Sarah Sjostrom Qualifies in Three Events on Day Two at European SC Champs

Photo Courtesy: Brent Rutemiller

During the second day of prelims at the 2017 European Short Course Championships in Copenhagen, Swedish superstar Sarah Sjostrom qualified for either semi-finals or finals in the 50 fly, 100 free and 100 IM, setting up a busy Thursday evening session that could include four individual races (three semi-finals, plus the 50 fly final).

Also in prelims, Russia’s Kliment Kolesnikov and Aleksandr Krasnykh each set themselves up to go after a second individual gold medal, while the two-per-country rule locked five swimmers out of potential second swims — four of those instances coming in the women’s 100 free.

Read below for a full recap of the session.

Full results

Men’s 200 Free

Lithuania’s Danas Rapsys finished comfortably ahead of his competition in qualifying for the final of the men’s 200 free. Rapsys touched in 1:41.89, more than a second better than Great Britain’s Duncan Scott (1:43.16) and Ireland’s Jordan Sloan (1:43.26).

Russia’s Aleksandr Krasnykh, the winner of the 400 free on day one, qualified fourth in 1:43.53, and his countryman Mikhail Dovgalyuk qualified seventh (1:44.59). Also making the final were Estonia’s Kregor Zirk (1:44.26), the Netherlands’ Kyle Stolk (1:44.33) and Italy’s Fabio Lombini (1:44.64).

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Women’s 50 Fly

The Netherlands’ Ranomi Kromowidjojo finished on top of prelims in 25.31, one hundredth ahead of Denmark’s Emilie Beckmann, but those two will have a tough time holding off Sweden’s Sarah Sjostrom through three rounds of the event, all scheduled for Thursday. Sjostrom qualified third for the semi-finals in 25.47, and she will swim next to Kromowidjojo in semi-final No. 2.

Kromowidjojo’s countrywoman Maaike De Waard took fourth in 25.55, tying with Poland’s Aleksandra Urbanczyk. The next three qualifiers were France’s Marie Wattel (25.73), Sweden’s Sara Junevik (25.77) and Belgium’s Kimberly Buys (25.79).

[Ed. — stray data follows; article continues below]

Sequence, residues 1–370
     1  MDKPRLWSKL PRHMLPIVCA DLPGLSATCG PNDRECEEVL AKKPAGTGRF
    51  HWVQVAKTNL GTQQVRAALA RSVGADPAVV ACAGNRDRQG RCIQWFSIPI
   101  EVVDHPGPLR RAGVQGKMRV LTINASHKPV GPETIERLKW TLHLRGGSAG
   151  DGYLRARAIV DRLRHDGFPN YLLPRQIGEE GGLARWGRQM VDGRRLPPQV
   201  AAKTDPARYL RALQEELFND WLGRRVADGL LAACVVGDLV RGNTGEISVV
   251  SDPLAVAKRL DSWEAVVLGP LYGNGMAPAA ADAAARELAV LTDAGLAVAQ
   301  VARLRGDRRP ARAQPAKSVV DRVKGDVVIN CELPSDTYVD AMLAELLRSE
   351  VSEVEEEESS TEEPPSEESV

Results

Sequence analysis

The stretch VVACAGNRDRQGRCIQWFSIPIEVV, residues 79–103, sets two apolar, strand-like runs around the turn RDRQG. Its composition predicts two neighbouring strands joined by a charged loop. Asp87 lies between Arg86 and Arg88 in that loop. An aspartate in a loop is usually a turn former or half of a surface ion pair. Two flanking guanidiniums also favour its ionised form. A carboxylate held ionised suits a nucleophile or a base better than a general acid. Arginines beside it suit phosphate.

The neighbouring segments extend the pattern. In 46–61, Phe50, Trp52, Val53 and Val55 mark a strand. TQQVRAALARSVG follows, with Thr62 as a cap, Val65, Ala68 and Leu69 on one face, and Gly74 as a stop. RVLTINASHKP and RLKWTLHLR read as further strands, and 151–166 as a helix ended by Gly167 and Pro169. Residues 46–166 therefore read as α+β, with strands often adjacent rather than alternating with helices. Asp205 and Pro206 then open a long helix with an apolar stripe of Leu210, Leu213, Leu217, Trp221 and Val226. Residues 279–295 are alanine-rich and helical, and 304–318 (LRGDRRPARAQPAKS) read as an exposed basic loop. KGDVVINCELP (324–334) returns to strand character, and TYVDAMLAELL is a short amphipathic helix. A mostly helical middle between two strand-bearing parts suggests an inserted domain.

It took a 26.28 to make the top 16 and earn a second swim, with Russia’s Anastasiya Shkurdai securing the final slot for Thursday night with her time of 26.28.

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Men’s 200 Breast

Russia’s Kirill Prigoda, who was touched out by Fabio Scozzoli for the win in the 50 breast on day one, paced the field in the prelims of the 200 breast with his time of 2:03.38. The Russian ended up finishing just ahead of the Netherlands’ Arno Kamminga, in 2:03.56, while Germany’s Marco Koch qualified third.

Koch, the 2015 long course World champion in the event, recorded a time of 2:04.64. Other finalists will include Prigoda’s Russian countryman Mikhail Dorinov (2:04.94), Sweden’s Erik Persson (2:05.04), Hungary’s David Horvath (2:05.51), Estonia’s Martin Allikvee (2:05.74) and Germany’s Fabien Schwingenschlogl (2:06.19).

The field was almost more notable for who did not qualify: reigning long course European champion Ross Murdoch took ninth in 2:06.44, while his heralded British countryman Adam Peaty made a rare appearance in the 200-meter event and faded badly on the last 50, ending up tied for 13th overall in 2:07.34.

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Women’s 100 Free

France’s Charlotte Bonnet qualified first in 52.19, just ahead of Sweden’s Sarah Sjostrom. Sjostrom, who finished in 52.38, set a world record in the event in August at 50.58, only for Australia’s Cate Campbell to surpass that mark with a 50.25 in late October.

Sjostrom swam this race mere minutes after qualifying third for the 50 fly semi-finals, as did the Netherlands’ Ranomi Kromowidjojo. Kromowidjojo qualified first in the 50 fly and sixth in the 100 free in 53.17.

Kromowidjojo’s teammate Femke Heemskerk took third in 52.47, followed by Denmark’s Pernille Blume (52.49) and France’s Marie Mattel (52.88). Sweden’s Louise Hansson was seventh in 53.33, and another Swede, Michelle Coleman, finished eighth in 53.37, but Coleman will not advance to the semi-finals under the two-per-country rule.

The Netherlands’ Kim Busch finished 15th but was also locked out of the semis under the same rule. There were also three Danish swimmers and three French swimmers finishing in qualifying positions, so 20th-place finisher Neza Klancar of Slovenia got in with her time of 54.53.

Italy’s Federica Pellegrini qualified 13th in 53.61, earning her second semi-final of the week after advancing same on day one in the 100 back.